In a particularly poignant moment, a young woman flung herself at the venerated monument, reaching up to touch the baby’s head. I don’t know her story, but the woman’s posture conveyed a sense of hopelessness. Oddly, it was a hauntingly beautiful tableau, and the woman almost seemed to be a component of the sculpture.
I never did learn the name of the tune that lured me to this sacred spot, but I’m glad I followed it. Otherwise, I wouldn’t have gained insight into this intriguing aspect of Cuban culture.
The Pearl of the South
Cienfuegos, known as the Pearl of the South, is a French-influenced port city whose elegant historic core centers on Parque José Martí. A statue of the Cuban national hero that is the park’s namesake stands in the midst of this picturesque plaza studded with flowering trees.
As I passed a group of teenage boys on a park bench, something struck me – they were actually talking to each other, laughing at each other’s jokes. Not one of them was texting or checking email on a mobile phone.
Of course, that shouldn’t be surprising since the internet only arrived in this time capsule of a country last year and is highly restricted. Residential broadband internet service is unavailable, but there are a few Wi-Fi hotspots in public places, usually the town square.
Thanks to our lightning-fast connectivity, many Americans seem to have a desperate need to communicate with everyone they know except those who are physically present, but Cubans have yet to pick up this vice. They still have one-on-one conversations, and you can tell what they are feeling by looking at their face instead of an emoji.
A highlight of this inviting city was a private performance by the world-famous a cappella group, the Choir of Cienfuegos, at Teatro Tomas Terry. A rousing repertoire of Cuban and American songs was almost enough to make the audience forget the historical venue’s lack of air conditioning.
Buen Provecho! (Eat with Pleasure)
At Punta Gorda, a restaurant in Santiago de Cuba, I enjoyed an al fresco lunch with my fellow cruise passengers. Maraca-shaking musicians and dancers swishing cloud-like white skirts had us bopping in our seats while we took in the spectacular view of the bay and sipped refreshing, minty mojitos. The mood was fun and festive, and I was pleased our family-style meal included ropa vieja, a classic shredded beef dish seasoned with onions and peppers.
After a long morning of sightseeing that included a tour of Castillo de San Pedro de la Roca del Morro, a 17th-century fort that once protected the city from pillaging pirates, we were famished. We dug into platters of the tender meat like starving orphans. The consensus at my table was that this rustic comfort food was “delicioso,” and some enjoyed it so much, they were determined to try and recreate it in their home kitchens.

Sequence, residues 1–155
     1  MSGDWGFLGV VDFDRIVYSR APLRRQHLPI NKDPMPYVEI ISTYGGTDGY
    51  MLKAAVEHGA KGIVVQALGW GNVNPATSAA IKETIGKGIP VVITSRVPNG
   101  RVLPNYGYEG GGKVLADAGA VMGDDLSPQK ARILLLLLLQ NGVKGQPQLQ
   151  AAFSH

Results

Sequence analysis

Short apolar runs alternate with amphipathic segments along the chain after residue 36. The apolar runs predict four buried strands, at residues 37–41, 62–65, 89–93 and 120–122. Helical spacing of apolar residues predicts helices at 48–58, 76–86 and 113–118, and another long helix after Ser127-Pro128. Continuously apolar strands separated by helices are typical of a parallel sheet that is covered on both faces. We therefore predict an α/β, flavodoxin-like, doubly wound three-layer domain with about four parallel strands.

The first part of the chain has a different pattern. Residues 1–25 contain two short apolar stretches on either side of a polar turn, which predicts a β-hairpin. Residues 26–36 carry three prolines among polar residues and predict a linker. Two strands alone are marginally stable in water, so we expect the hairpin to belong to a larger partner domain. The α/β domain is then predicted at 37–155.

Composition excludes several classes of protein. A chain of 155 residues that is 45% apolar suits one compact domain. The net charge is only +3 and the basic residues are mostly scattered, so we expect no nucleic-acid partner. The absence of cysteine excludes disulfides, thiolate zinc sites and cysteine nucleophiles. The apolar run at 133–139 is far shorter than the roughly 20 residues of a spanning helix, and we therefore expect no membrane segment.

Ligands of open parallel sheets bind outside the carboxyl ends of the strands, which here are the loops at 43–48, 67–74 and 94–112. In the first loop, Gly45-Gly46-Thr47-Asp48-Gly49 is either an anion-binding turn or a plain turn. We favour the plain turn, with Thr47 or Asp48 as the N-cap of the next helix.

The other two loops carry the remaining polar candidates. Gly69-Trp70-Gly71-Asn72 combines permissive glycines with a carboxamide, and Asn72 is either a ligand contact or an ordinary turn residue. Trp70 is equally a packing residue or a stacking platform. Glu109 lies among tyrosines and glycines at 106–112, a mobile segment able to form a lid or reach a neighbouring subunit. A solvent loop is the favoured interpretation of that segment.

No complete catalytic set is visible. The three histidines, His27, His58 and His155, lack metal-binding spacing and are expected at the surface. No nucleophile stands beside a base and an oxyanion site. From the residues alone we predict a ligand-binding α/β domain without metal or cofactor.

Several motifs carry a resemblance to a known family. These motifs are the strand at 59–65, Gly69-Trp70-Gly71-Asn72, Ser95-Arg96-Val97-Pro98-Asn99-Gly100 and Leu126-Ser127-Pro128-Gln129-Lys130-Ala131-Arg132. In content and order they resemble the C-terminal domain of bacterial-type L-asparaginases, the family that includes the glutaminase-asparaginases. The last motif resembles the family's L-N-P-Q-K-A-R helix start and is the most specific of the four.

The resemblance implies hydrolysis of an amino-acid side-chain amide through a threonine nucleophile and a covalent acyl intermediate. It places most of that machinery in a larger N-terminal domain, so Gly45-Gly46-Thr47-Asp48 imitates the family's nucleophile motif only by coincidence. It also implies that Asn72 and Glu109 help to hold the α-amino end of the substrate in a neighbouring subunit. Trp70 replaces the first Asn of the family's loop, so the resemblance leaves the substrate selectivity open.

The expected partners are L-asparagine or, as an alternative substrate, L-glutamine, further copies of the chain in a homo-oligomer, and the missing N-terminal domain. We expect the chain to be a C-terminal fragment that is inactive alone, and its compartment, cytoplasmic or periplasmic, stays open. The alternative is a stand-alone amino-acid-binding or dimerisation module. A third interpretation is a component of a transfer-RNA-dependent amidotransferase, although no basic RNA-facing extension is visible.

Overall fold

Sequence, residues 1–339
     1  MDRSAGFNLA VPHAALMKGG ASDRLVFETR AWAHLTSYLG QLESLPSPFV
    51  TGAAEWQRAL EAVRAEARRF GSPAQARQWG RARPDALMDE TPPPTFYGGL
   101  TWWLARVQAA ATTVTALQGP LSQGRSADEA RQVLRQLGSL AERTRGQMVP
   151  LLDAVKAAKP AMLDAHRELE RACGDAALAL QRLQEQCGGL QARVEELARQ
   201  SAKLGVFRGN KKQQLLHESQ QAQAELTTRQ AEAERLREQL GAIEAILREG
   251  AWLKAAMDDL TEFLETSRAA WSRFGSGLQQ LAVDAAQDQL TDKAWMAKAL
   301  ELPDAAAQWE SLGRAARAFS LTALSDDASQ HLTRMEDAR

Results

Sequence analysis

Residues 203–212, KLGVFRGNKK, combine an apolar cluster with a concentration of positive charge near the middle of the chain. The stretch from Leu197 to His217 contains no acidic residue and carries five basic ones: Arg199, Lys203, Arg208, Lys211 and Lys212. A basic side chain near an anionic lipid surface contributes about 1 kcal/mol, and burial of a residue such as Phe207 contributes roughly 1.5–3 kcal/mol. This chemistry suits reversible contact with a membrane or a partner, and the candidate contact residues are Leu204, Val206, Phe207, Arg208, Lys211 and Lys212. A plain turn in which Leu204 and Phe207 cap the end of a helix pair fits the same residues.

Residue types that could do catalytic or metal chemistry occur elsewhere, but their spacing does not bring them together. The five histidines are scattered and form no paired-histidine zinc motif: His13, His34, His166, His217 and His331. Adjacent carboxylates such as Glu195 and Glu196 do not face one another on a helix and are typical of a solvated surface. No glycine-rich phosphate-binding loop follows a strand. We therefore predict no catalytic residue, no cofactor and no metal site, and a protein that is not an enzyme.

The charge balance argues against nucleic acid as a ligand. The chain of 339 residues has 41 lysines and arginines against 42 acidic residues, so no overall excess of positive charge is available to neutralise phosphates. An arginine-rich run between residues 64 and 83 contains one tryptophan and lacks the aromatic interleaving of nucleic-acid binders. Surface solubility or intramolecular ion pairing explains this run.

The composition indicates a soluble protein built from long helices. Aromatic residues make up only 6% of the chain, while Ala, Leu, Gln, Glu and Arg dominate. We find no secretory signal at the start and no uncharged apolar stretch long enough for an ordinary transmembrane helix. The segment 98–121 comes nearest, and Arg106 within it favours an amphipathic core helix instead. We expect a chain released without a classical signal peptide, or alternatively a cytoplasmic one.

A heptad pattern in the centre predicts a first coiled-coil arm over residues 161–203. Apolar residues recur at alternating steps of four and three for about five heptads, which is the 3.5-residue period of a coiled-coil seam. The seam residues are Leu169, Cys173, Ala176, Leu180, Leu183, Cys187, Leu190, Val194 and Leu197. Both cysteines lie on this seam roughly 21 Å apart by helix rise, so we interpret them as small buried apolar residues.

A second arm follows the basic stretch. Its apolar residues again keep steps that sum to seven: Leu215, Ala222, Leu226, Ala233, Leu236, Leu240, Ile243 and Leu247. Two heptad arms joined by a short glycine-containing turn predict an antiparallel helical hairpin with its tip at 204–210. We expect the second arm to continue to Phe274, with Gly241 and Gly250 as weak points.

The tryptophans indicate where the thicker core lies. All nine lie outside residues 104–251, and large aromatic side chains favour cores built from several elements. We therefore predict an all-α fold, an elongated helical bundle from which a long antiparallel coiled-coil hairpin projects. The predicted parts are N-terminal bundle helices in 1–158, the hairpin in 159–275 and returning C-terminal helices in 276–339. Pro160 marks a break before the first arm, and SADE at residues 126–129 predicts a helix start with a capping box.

This dish can be heavy on tomato sauce, but this less saucy version allowed the rich flavor of the meat to shine through.
Sides of mashed cassava and rice and beans rounded out the meal.
Riding back to the ship with a full stomach, I felt a twinge of guilt. Ropa vieja may be the national dish, but few Cubans can afford to make it. Those who can, probably need a black market connection to get the meat.
An American grocery store stocked with a wide variety of meat, seafood, dairy products and shiny, spotless produce would make the average Cuban swoon. Like most Americans, I take for granted abundant, high-quality food and get annoyed when my local grocery store is out of something.
“What! Now I have to drive across town!”
Cubans are largely dependent on government-operated ration stores that stock little more than rice and beans.
As my bus pulled into the lot, the Adonia came into view, and I saw it for the first time the way I think the Cuban people do – as a shining beacon of American optimism, a sign of change, a symbol of hope.
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Fathom is Carnival’s social impact brand. It offers every-other-week sailings to Cuba and the Dominican Republic. (855) 932-8466, Fathom.org